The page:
Patents, Innovation, Mobile Tech, and Why It’s All a Big Mess
Apple is hitting hard at Samsung over patent disputes trying to keep them from bringing smartphones and Tablets into the US because of similarities. The International Trade Commission (ITC) agrees with a couple of the points in Apple’s complaint. Some software developers say that they may abandon Apple and Android because of the high cost of possibly defending themselves if lawsuits are brought because of the Loadsys filings. Google hits back at Apple with some comments from Eric Schmidt. Everyone goes crazy, and the lawyers celebrate big pay days ahead.
In my view there are two underlying issues here. It’s a given that the legal system surrounding patents is broken. (Much like trademarks, copyrights, etc..) The fact that something called a patent troll can actually exist is the best evidence of this. There’s a business climate that allows this to exist and as long as it does (meaning as long as folks can make money off it) it will continue. Secondly, it is also fairly obvious that companies playing in the mobile tech world are staring at an immediate future where it is tough to innovate. Not just because of patents that others may hold, but also, you know a phone is a phone and a Tablet is a Tablet.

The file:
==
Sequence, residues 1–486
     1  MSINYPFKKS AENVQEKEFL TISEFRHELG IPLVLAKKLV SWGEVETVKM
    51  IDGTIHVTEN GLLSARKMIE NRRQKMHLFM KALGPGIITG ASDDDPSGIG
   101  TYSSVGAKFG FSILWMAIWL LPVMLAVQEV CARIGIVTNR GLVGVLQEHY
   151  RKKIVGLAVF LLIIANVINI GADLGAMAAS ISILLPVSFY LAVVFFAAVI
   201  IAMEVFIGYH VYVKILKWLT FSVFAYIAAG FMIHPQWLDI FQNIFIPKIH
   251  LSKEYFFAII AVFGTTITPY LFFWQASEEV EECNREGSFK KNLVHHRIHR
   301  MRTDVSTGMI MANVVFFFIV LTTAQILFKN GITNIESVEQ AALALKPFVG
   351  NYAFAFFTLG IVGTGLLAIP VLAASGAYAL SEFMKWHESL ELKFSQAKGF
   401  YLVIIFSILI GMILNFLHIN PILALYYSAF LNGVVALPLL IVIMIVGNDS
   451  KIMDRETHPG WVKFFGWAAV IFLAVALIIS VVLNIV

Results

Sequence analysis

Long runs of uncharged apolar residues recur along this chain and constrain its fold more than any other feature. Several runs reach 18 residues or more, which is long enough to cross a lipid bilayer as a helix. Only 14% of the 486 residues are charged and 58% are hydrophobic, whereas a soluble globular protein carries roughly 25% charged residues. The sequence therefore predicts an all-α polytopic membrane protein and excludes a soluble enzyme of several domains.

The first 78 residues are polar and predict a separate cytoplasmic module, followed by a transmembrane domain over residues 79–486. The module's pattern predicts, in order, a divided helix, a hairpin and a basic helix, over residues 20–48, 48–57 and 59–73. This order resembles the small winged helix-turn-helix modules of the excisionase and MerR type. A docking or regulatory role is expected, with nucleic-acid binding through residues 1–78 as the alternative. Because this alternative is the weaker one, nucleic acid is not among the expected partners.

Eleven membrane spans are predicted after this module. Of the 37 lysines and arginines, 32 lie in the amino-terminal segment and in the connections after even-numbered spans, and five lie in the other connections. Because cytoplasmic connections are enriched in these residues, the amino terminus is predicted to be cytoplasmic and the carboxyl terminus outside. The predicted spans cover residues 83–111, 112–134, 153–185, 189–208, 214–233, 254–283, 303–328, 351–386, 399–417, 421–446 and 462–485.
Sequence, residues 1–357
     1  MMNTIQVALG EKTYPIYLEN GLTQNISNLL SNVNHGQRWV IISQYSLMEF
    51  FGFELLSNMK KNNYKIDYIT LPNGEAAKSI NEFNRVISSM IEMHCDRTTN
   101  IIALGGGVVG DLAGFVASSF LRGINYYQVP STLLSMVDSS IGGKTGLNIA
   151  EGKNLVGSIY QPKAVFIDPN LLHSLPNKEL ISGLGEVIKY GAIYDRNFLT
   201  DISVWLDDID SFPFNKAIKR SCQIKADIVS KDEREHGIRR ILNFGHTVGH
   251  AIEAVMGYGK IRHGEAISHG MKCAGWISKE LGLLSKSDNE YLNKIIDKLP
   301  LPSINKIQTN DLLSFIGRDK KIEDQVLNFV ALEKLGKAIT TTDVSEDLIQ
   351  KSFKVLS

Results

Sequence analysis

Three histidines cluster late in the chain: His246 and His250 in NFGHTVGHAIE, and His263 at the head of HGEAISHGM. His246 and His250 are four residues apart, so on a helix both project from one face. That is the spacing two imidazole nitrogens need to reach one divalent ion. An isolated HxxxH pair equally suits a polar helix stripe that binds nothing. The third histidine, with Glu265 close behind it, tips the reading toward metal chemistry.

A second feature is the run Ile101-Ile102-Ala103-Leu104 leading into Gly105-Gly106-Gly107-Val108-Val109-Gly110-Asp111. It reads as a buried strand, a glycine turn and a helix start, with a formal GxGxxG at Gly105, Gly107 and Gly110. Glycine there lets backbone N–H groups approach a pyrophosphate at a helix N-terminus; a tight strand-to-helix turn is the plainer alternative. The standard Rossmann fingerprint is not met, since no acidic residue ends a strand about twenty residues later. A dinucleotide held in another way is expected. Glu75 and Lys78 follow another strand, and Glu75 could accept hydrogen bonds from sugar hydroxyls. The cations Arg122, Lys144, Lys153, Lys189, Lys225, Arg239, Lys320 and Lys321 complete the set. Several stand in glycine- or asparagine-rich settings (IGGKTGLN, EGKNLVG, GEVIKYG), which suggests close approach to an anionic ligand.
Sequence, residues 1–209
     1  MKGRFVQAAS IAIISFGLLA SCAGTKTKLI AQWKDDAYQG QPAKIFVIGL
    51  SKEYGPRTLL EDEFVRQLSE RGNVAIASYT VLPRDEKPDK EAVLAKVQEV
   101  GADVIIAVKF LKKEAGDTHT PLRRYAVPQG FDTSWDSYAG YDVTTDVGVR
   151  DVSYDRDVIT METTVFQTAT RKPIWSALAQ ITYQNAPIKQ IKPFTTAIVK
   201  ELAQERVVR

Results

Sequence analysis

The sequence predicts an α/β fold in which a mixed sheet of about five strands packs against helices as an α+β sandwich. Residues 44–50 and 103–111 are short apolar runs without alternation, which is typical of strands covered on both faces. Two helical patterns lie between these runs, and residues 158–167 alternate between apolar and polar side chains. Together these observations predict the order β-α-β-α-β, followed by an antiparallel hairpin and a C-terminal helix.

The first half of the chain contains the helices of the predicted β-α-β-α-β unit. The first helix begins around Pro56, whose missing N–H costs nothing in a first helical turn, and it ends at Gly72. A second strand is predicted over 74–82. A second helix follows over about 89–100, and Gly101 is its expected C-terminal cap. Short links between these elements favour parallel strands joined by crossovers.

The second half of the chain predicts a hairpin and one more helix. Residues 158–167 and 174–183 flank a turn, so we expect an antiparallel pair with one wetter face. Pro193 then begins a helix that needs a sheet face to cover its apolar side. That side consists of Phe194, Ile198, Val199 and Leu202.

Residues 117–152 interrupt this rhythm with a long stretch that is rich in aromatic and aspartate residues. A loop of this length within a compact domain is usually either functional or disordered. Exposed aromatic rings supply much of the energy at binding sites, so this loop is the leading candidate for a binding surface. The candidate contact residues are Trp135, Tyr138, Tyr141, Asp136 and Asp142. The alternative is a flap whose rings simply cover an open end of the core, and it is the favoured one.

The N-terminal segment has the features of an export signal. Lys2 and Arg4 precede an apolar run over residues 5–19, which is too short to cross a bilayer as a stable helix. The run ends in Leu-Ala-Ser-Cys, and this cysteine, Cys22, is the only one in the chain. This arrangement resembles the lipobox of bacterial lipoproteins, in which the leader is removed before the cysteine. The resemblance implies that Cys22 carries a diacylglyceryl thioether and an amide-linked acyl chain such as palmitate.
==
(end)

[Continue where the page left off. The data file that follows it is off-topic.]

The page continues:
What does that mean? Well, simply put, while there is technology involved, our expectations are basically the same regardless of the device. We expect Tablets to be touch friendly with easy access to Apps. We expect phones to allow us to make calls by touching or clicking on a link. We expect a lot from these devices and that makes it difficult for companies to push the innovation envelope that may change the game. Push past what is expected and you run a risk with consumers. Stick with what those perceived expectations are and you either have to license what others have protected via patents, or run the risk that you’ll get sued.
This is all compounded because of the relative infancy of the market. It is also compounded by the fact that using these accepted legal proceedings is just another tool in the competitive battles that we’re looking at. Apple to most seems greedy, but they are just taking advantage of a system that allows them to do so. Keep in mind, once a shot is fired over the bow regarding infringement, it makes future decision making all that more difficult. And of course that’s the name of the game.
The legal actions will take some time to figure out, there will be an outcome, and most likely some sort of settlement. But the shadows cast by instituting the legal actions are already having their effect in meetings and planning that we aren’t hearing about just yet.